How Do You Know We Are Winning?


Alec Barker catches news outlets twisting British Army Major General Nick Carter's claim "that security in [the Zhari district near Kandahar] has been demonstrably enhanced because the price of ammonium nitrate, a banned fertilizer and major component of improvised explosive devices (IEDs) in southern Afghanistan, has increased ten-fold, and the price of other bomb components has risen eleven-fold." Barker objects:

[T]he story does not report that Carter believed these figures were "by no means huge measures of success." The Guardian's version of the story, which has already crept into other media reports, might lead one to think erroneously that the general claimed a very significant accomplishment and made an unqualified statement of statistical fact throughout southern Afghanistan, rather than a limited observation about one district in the South. ...

Since there generally are more and more bombs appearing in the south over time, the insurgency appears to be insensitive to rapid swings in the price of fertilizer.

Because this is an illicit and informal market, it is extremely difficult to know trends in prices precisely, or to know which factor - supply or demand - dominates. The point is that although anecdotal evidence about the price of fertilizer is suggestive of shifts in informal markets, it makes an unreliable indicator of success in disrupting an insurgency. ...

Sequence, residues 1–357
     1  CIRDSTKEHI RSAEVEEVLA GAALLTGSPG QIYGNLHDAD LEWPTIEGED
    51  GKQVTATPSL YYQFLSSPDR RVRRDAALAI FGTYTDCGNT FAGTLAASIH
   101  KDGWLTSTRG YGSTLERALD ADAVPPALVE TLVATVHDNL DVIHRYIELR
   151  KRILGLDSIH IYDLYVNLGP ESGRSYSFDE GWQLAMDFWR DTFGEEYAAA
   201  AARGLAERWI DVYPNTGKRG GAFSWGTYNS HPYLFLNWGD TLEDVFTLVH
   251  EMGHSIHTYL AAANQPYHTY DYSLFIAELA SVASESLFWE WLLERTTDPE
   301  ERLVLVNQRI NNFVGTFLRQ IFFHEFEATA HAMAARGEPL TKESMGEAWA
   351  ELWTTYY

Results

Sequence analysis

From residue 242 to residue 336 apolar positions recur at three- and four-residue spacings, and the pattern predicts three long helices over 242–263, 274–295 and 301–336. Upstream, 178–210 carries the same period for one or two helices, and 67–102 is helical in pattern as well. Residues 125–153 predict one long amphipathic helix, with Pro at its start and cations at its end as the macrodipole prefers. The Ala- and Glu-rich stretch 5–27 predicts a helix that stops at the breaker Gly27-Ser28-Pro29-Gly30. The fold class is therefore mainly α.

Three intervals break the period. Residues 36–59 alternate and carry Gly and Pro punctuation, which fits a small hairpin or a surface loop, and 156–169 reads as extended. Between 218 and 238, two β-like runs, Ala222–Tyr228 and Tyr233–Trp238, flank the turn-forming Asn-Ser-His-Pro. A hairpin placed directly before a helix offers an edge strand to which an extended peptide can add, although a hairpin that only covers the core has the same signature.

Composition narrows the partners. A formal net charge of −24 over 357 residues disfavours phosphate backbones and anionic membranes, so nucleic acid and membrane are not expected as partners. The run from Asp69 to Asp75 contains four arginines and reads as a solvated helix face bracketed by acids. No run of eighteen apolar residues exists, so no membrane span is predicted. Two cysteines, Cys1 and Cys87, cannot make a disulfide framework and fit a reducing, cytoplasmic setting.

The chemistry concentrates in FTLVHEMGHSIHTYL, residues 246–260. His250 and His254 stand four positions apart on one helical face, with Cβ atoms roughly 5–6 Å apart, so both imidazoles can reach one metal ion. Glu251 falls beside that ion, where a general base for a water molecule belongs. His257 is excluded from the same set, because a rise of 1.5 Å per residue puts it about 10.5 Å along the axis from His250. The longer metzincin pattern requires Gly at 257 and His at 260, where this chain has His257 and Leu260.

Moments like this one demonstrate the frustrating little peculiarities of this type of war, and underscore the idea that traditional notions of victory and surrender are unrealistic when applied to the current Afghanistan conflict. Unable to quantify success in terms of targets destroyed or enemy units disabled, commanders in Afghanistan are left to argue that although opaque economic indicators are by no means indicative of success, and effects will not be observable until next summer, progress is nonetheless being made. Then they must watch as their nuanced ideas morph into misleading sound bites and creep into public discourse.  

(Photo: The bloodied clothing of an Afghan man, wounded from an IED, is seen on the ground after he received first aid in the Siah Choi area of Zari district of Kandahar province, south Afghanistan on October 23, 2010. By Massoud Hossaini/AFP/Getty Images)